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Logo of jmehmTUMSThis JournalSearchAim and ScopeAuthor GuidelinesSubmit a ManuscriptJournal of Medical Ethics and History of Medicine
 
J Med Ethics Hist Med. 2017; 10: 8.
Published online 2017 October 7.
PMCID: PMC5747837

Compassion as the reunion of feminine and masculine virtues in medicine

Abstract

The central role of the virtue of compassion in the shaping of the professional character of healthcare providers is a well-emphasized fact. On the other hand, the utmost obligation of physicians is to alleviate or eliminate human suffering. Traditionally, according to the Aristotelian understanding of virtues and virtue ethics, human virtues have been associated with masculinity. In recent decades, the founders of the ethics of care have introduced a set of virtues with feminine nature. This paper analyzes the notion of compassion as a common virtue between the traditional/masculine and care/feminine sets of virtues and shows that compassion is a reunion and merging point of both sets of human virtues. This role can be actualized through the development and promotion of compassion as an important part of the character of an ideal physician/healthcare provider. In addition, this paper argues that the notion of compassion can shed light on some important aspects of the contemporary debates on healthcare provider-patient relationship and medical futility. Despite the recent technological and scientific transformations in medicine, the interpersonal relationship between healthcare providers and patients still plays a vital role in pursuing the goals of healthcare. The virtue of compassion plays a central role in the establishment of a trust-based physician-patient relationship. This central role is discernible in the debate of medical futility in which making difficult decisions, depends largely on trust and rapport which are achievable by compassion in the physician and the recognition of this compassion by the patients and their surrogate decision makers.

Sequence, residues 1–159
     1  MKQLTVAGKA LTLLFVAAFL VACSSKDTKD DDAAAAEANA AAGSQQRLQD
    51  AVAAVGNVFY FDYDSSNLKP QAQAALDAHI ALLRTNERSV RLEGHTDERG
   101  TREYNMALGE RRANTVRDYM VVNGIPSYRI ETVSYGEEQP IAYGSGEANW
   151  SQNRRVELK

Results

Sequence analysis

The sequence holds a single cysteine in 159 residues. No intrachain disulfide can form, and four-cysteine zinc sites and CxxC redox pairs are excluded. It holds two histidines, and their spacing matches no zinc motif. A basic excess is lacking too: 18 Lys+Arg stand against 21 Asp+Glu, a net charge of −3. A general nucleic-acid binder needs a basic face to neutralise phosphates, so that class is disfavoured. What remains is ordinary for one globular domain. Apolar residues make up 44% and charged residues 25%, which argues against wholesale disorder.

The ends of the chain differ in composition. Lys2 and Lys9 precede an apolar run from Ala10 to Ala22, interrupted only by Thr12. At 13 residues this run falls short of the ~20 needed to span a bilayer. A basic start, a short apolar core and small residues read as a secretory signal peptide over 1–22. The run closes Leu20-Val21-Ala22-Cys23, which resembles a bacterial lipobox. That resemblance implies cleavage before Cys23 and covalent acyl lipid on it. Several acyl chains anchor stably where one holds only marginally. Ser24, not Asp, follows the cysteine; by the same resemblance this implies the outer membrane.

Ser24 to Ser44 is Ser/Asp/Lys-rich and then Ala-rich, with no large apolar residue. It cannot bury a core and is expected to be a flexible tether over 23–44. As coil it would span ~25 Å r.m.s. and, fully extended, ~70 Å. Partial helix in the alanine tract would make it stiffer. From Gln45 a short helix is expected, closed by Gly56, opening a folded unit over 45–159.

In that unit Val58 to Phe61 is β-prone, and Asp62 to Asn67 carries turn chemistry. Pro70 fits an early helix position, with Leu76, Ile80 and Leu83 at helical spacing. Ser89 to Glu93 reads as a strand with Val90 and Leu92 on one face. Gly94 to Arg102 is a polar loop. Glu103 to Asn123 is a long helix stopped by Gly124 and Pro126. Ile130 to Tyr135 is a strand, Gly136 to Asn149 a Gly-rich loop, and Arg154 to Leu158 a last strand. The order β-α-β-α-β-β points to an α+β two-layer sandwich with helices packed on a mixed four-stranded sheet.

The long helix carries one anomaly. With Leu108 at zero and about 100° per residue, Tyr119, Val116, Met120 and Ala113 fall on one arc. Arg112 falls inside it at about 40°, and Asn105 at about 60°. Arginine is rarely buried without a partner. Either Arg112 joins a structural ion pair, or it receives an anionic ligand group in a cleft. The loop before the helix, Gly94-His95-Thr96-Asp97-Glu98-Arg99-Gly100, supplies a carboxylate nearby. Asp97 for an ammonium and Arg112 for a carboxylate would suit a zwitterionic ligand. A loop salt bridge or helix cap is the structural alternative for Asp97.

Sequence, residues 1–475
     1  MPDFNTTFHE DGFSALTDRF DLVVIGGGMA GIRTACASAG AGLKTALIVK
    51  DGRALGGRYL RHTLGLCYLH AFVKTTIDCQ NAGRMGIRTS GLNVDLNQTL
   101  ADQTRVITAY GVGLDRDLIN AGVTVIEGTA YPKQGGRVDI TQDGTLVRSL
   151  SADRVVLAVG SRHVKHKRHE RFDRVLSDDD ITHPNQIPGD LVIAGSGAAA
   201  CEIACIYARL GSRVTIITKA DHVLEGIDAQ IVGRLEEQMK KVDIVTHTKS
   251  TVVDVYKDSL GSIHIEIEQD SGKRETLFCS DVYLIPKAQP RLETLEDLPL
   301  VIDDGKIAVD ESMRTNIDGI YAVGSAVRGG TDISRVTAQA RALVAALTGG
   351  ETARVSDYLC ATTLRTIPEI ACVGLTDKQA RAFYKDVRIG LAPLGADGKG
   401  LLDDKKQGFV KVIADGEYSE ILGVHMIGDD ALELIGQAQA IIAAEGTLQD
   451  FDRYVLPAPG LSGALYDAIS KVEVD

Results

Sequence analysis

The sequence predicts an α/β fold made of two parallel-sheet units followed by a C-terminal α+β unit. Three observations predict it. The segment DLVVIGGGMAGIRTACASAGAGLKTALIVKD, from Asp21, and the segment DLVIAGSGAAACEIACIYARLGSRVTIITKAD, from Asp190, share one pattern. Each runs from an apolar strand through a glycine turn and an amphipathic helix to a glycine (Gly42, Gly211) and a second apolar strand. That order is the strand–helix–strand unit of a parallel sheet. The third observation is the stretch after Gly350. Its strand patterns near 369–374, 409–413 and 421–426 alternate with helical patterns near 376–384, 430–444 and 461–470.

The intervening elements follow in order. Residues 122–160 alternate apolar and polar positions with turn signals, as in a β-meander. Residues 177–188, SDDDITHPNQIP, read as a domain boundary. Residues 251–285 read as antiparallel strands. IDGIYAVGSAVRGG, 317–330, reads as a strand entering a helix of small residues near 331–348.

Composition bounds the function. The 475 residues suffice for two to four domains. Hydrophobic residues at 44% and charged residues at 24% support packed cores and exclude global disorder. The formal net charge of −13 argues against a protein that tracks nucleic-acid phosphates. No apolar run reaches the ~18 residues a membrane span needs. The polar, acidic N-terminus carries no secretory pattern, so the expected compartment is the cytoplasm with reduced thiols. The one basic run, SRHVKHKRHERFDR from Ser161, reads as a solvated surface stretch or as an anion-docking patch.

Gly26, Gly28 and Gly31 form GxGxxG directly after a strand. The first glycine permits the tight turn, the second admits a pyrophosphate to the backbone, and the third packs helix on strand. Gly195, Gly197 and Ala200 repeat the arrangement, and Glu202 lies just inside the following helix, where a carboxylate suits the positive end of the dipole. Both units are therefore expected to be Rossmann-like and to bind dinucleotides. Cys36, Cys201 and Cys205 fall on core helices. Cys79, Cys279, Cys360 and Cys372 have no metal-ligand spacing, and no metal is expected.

Key Words: Compassion, Virtue ethics, Futility, Doctor-patient relationship, End-of-life care

Introduction

Compassion has been called “the emotional and virtuous core of the desired professional attitude” in medicine (1). The Ethics Committee of the American Society of Academic Emergency Medicine (SAEM) considers compassion “a part of professional competence” which is “perhaps as important as technical competence” (1). These instances of emphasis on the central role of compassion in the shaping of the professional character of healthcare providers show the crucial importance of this concept in medicine and medical ethics.